Safe shutter speed

A shutter speed fast enough to prevent camera shake during the exposure. Normally, it’s a second divided by the effective focal length of the lens, so for a 60mm lens a shutter speed of 1/60sec should be ‘safe’. The advent of image stabilisers, however, has made it possible to get sharp handheld shots at much slower shutter speeds.

Optical stabiliser

Image stabiliser which moves physical elements within the lens, or the sensor itself, to keep the image steady during the exposure. This is superior to ‘digital stabilizers’ which use image processing techniques to reduce blur, but which also lead to a loss in quality.

Image stabiliser

A mechanism that counteracts camera movement during the exposure. Lens-based stabilisers use a moving lens element, while sensor-based stabilisers move the sensor itself. Image stabilisers are used to get sharper telephoto shots and low-light shots without camera shake.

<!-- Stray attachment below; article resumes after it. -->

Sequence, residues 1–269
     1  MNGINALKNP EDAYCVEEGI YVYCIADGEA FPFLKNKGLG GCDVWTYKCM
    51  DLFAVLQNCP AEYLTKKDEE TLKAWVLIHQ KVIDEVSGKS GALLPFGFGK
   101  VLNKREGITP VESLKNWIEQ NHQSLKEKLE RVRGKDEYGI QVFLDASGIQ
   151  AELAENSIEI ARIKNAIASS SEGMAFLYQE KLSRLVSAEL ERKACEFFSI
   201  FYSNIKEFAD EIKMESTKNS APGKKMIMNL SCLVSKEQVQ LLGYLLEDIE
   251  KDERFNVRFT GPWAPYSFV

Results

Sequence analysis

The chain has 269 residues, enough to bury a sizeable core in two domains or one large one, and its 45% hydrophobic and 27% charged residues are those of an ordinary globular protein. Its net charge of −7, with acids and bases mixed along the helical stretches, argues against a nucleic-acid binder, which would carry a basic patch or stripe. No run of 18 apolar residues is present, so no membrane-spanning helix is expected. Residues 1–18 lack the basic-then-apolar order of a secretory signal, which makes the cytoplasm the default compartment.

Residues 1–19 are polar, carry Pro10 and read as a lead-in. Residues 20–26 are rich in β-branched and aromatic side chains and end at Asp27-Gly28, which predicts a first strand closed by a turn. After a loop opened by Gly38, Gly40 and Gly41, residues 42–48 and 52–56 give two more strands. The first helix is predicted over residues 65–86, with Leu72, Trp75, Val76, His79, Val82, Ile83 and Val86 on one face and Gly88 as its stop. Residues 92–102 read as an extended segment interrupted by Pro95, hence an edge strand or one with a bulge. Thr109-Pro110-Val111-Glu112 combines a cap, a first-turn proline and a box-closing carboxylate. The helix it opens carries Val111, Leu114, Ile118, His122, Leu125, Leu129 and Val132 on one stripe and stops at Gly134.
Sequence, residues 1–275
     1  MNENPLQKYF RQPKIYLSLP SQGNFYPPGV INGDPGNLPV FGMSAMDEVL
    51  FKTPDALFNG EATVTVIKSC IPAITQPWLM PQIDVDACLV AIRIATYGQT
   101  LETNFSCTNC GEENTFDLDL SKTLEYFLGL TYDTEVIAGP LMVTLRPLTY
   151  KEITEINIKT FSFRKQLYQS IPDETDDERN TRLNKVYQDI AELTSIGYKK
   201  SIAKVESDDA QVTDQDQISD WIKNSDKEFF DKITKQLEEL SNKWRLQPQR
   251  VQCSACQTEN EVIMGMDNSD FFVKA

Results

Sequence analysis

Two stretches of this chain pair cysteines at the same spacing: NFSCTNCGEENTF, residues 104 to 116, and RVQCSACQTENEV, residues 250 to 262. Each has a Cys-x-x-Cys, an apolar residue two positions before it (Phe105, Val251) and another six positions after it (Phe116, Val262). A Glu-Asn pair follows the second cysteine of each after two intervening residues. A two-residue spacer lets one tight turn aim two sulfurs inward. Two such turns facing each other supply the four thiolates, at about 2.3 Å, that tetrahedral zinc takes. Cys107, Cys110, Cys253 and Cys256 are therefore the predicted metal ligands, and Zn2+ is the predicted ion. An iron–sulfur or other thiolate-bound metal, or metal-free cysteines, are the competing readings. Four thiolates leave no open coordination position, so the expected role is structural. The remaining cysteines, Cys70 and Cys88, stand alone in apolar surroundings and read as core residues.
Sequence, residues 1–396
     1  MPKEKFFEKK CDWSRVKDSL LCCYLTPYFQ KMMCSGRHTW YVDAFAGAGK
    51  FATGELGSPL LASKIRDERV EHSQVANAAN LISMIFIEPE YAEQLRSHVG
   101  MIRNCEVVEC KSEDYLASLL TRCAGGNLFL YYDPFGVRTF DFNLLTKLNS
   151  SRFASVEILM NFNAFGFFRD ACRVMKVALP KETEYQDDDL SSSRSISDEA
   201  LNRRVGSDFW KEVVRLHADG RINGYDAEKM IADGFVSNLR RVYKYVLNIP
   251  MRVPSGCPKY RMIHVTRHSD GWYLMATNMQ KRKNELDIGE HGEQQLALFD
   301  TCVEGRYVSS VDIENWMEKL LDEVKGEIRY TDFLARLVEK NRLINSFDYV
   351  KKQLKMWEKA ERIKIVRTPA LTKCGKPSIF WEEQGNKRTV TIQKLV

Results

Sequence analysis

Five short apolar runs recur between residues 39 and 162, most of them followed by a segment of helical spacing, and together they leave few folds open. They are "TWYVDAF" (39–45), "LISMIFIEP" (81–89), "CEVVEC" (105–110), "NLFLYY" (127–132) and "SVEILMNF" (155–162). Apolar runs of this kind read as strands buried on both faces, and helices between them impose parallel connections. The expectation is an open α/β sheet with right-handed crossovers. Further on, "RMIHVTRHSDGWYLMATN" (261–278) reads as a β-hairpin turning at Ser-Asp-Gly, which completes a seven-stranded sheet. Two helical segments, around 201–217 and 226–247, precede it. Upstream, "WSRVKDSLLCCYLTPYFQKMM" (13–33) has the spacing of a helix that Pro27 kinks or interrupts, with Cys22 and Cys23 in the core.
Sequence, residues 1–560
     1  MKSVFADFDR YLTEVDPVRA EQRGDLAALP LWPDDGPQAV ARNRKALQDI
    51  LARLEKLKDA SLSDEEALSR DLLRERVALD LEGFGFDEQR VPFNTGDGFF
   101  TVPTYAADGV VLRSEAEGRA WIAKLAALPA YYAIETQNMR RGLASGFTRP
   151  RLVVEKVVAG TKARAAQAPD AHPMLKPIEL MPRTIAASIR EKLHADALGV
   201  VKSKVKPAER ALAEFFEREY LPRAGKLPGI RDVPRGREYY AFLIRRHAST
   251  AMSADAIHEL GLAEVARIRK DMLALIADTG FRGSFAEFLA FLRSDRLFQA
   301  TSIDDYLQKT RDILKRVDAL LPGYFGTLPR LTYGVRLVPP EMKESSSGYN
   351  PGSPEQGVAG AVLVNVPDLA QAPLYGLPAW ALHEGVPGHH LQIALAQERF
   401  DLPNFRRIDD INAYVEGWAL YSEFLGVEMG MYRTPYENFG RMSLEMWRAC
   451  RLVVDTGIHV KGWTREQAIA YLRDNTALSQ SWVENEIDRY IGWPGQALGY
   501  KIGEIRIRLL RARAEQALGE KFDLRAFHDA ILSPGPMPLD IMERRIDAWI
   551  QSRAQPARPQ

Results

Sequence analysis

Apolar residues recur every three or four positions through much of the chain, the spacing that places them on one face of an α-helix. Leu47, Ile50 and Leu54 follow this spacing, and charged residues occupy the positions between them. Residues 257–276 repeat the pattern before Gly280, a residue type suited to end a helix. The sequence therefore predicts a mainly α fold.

Camera shake

This is image blur caused by camera movement during the exposure. The longer the exposure (the slower the shutter speed), the more time there is for camera movement to take place. Any movement is also exaggerated with longer focal length lenses (telephotos). There is a simple way to estimate the risk of camera shake – take the effective focal length of the lens and divide it into 1 to get the minimum ‘safe’ shutter speed. So with a 30mm lens, the minimum safe shutter speed would be 1/30sec. However, today’s image stabilisation systems reduce shake and make slower shutter speeds possible.

5-axis stabilisation

The latest kind of image stabilisation technology, where the camera’s sensor can be tilted or shifted on 5 axes to counter a much wider range and types of movement than regular lens-based image stabilisers, and it’s a particular advantage for video, where these additional movements can pose problems during handheld filming. 5-axis stabilisation used in the Pentax K-1 full frame DSLR, Olympus OM-D mirrorless cameras and the latest Sony A7-series compact system cameras.